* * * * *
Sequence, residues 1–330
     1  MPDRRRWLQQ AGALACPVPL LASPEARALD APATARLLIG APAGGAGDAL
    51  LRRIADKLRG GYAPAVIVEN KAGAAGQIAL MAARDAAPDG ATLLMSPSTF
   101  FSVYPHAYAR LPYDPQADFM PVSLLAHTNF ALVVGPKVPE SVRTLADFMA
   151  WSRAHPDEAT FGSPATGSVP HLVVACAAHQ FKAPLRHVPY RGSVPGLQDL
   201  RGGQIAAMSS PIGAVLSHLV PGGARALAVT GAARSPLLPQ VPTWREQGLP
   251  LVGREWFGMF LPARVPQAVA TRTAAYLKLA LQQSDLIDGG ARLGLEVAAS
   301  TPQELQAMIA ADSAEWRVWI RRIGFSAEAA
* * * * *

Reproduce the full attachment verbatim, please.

Sequence, residues 1–330
     1  MPDRRRWLQQ AGALACPVPL LASPEARALD APATARLLIG APAGGAGDAL
    51  LRRIADKLRG GYAPAVIVEN KAGAAGQIAL MAARDAAPDG ATLLMSPSTF
   101  FSVYPHAYAR LPYDPQADFM PVSLLAHTNF ALVVGPKVPE SVRTLADFMA
   151  WSRAHPDEAT FGSPATGSVP HLVVACAAHQ FKAPLRHVPY RGSVPGLQDL
   201  RGGQIAAMSS PIGAVLSHLV PGGARALAVT GAARSPLLPQ VPTWREQGLP
   251  LVGREWFGMF LPARVPQAVA TRTAAYLKLA LQQSDLIDGG ARLGLEVAAS
   301  TPQELQAMIA ADSAEWRVWI RRIGFSAEAA